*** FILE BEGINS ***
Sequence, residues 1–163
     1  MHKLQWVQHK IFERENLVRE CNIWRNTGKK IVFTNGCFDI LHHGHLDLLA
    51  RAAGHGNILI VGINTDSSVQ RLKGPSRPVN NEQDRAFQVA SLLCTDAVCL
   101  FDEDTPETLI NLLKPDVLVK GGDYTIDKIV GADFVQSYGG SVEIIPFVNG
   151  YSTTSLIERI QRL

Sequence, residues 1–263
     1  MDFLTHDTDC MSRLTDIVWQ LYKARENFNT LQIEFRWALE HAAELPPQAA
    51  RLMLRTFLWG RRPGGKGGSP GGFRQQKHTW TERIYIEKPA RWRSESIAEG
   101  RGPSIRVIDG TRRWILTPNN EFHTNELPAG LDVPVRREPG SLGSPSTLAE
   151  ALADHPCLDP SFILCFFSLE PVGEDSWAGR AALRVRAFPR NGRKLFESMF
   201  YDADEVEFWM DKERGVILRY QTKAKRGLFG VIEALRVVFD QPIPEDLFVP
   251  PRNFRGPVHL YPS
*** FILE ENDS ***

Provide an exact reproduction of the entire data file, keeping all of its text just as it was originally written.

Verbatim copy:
Sequence, residues 1–163
     1  MHKLQWVQHK IFERENLVRE CNIWRNTGKK IVFTNGCFDI LHHGHLDLLA
    51  RAAGHGNILI VGINTDSSVQ RLKGPSRPVN NEQDRAFQVA SLLCTDAVCL
   101  FDEDTPETLI NLLKPDVLVK GGDYTIDKIV GADFVQSYGG SVEIIPFVNG
   151  YSTTSLIERI QRL

Sequence, residues 1–263
     1  MDFLTHDTDC MSRLTDIVWQ LYKARENFNT LQIEFRWALE HAAELPPQAA
    51  RLMLRTFLWG RRPGGKGGSP GGFRQQKHTW TERIYIEKPA RWRSESIAEG
   101  RGPSIRVIDG TRRWILTPNN EFHTNELPAG LDVPVRREPG SLGSPSTLAE
   151  ALADHPCLDP SFILCFFSLE PVGEDSWAGR AALRVRAFPR NGRKLFESMF
   201  YDADEVEFWM DKERGVILRY QTKAKRGLFG VIEALRVVFD QPIPEDLFVP
   251  PRNFRGPVHL YPS